Robots Weekly ?: Weapons of Math Destruction
A book notes edition of Robots Weekly from my recent read of Cathy O’Neil‘s Weapons of Math Destruction. Like Cliff Notes, except it won’t help you b.s. your way through class.
Light Hearted Moment ?
The above is to offset a little of the doom-and-gloom that might follow. Also, it fits pretty well.
What is a weapon of math destruction? ?
It’s basically an algorithm that utilizes Big Data at scale to cause harm, whether on purpose or by accident.
This includes things like teacher scoring based on test results (shout out to the cheaters!) and Facebook’s ad targeting/news feed capabilities to allow fraud or manipulation (hey there President Orangeface).
WMDs have 3 characteristics, they’re: opaque, unregulated, and uncontestable
In other words, they’re black boxes. Like AI. ⬛
No one really knows what the algorithms are doing and there aren’t any feedback mechanisms to allow them to learn.
The Atlantic recently published an article about The Coming Software Apocalypse that touches on a similar problem.
“The programmer, staring at a page of text, was abstracted from whatever it was they were actually making.”
Basically, code is so complex now that people really don’t know what it does anymore. <?>
Full disclosure: I could not finish this article, it just kept going.
I thought WMD raised some good points and hopefully sparks conversation on a topic that needs some attention, but ultimately felt (like a lot of business/business-adjacent books) that it could have been a lot shorter. A lot of good examples, but I don’t think they were all needed to make the point.
Here are some passages I noted down ? :
- Models are, by their very nature, simplifications.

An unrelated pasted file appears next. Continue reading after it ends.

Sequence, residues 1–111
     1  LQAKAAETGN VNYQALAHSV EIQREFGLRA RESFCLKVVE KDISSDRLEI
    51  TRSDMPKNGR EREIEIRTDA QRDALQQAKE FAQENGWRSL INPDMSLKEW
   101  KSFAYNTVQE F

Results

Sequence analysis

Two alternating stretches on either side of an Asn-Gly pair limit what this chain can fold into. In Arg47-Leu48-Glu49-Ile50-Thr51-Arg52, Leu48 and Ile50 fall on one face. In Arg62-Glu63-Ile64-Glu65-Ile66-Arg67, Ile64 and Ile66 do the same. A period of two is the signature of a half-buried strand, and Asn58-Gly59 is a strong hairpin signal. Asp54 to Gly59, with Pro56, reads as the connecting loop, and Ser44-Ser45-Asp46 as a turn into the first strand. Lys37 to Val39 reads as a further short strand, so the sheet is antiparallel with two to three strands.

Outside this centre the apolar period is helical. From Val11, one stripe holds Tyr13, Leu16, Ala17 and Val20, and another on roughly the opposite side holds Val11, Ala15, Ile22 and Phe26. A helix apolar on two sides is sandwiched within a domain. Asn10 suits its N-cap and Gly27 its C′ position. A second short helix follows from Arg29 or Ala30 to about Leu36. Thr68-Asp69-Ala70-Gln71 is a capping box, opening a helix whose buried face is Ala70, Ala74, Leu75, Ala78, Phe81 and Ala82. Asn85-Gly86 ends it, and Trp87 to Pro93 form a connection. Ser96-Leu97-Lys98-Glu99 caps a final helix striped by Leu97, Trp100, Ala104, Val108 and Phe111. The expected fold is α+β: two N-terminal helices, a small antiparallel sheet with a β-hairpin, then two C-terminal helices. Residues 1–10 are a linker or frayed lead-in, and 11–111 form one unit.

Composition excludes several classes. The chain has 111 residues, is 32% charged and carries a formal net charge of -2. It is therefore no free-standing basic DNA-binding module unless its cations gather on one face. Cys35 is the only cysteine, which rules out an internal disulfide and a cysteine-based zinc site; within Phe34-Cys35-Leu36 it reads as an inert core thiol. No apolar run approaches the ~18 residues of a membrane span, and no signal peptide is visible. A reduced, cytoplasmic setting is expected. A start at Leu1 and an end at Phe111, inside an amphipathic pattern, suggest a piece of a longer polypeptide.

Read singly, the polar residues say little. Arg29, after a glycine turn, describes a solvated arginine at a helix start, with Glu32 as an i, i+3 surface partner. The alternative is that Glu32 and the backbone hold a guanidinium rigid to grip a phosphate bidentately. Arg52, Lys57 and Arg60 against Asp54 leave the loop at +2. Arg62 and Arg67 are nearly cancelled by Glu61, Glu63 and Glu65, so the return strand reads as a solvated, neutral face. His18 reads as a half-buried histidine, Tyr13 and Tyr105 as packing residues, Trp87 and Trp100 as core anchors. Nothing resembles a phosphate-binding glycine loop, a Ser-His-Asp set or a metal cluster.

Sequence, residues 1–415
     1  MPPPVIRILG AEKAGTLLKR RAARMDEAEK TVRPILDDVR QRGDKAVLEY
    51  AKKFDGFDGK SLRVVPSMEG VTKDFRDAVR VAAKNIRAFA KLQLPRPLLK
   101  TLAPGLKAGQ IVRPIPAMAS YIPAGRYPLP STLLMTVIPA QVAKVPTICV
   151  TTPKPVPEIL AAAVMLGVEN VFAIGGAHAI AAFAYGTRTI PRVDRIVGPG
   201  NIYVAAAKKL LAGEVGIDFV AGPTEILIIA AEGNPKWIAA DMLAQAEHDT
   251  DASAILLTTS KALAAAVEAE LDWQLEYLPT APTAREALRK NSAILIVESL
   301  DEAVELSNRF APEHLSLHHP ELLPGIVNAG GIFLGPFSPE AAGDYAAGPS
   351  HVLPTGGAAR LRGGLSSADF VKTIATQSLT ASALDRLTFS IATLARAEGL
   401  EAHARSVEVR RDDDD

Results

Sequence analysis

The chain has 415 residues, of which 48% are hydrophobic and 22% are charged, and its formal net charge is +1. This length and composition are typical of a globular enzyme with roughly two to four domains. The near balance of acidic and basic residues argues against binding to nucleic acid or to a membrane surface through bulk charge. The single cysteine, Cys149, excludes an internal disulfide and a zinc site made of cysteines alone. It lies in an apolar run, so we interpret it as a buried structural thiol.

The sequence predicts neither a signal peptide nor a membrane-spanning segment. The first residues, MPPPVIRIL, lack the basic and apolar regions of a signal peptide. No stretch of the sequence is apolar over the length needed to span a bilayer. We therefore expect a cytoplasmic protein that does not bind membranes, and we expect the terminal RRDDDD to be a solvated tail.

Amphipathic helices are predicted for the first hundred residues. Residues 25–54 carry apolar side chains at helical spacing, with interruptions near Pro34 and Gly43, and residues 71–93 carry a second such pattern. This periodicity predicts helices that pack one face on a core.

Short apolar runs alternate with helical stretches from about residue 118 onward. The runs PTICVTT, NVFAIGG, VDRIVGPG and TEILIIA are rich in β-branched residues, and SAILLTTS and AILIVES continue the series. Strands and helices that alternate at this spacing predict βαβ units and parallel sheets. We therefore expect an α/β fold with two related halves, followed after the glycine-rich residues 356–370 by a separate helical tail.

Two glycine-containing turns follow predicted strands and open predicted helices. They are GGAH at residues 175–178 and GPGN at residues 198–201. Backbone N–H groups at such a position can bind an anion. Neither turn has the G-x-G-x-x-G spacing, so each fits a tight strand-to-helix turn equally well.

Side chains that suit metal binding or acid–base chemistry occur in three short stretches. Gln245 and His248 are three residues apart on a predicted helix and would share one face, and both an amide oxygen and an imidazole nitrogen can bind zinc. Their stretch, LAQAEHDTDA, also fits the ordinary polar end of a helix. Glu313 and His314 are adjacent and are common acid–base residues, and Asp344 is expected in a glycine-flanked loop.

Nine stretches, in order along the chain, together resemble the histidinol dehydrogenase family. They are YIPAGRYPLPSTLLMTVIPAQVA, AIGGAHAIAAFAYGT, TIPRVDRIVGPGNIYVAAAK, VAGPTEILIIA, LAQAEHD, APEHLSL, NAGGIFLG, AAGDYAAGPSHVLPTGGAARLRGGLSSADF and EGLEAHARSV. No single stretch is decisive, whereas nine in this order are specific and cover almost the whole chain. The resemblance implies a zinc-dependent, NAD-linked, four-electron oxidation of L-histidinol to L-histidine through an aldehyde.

- To create a model we make choices about what’s important enough to include, simplifying the world into a toy version that can be easily understood and from which we can infer important facts and actions.
- Models, despite their reputation for impartiality, reflect goals and ideology.
- Models are opinions embedded in mathematics.
My takeaway on all these: models aren’t the whole picture and are only as good as the person/people creating them. Computers aren’t biased but humans are, and we can hardcode those biases into computers.
- A machine learning program will often require millions or billions of data points to create it statistical models of cause and effect.
They call it BIG data for a reason.
- We humans each have a sense for when an idea becomes an established fact and know when it has been debunked or discarded. However, that distinction flummoxes even the most sophisticated AI.
Again, computers don’t understand concepts. They understand data and the underlying patterns. The algorithms don’t know when they’ve made a mistake by ethical standards so they’ll never tell you your zip code targeting might be racist or facial recognition might be sexist/bigoted.
- You can imagine how machine-learning systems fed by different streams of behavioral data will be soon placing us not just into one tribe but into hundreds of them, even thousands. Certain tribes will respond to similar ads.
I can image this, because I am pretty sure this is how a lot of digital advertising works. This is how that Facebook anti-Semitic targeting snafu happened. The machines looked at data, found some patterns, and. wham, let’s target some Nazis.
- With political messaging, as with most WMDs, the heart of the problem is almost always the objective. Change that objective from leeching off people to helping them, and a WMD is disarmed – and can even become a force for good.
Enough with the fear mongering, it all comes back to us humans (as terrifying as that might be). The computers, algorithms, models, robots are Switzerland (for now… I, for one, welcome out robot overlords), they just tell us what the data says based on the parameters we feed them.
We can’t just say “the model said so” and be absolved of responsibility for anything bad that happens. Ultimately, these things are only as good as us.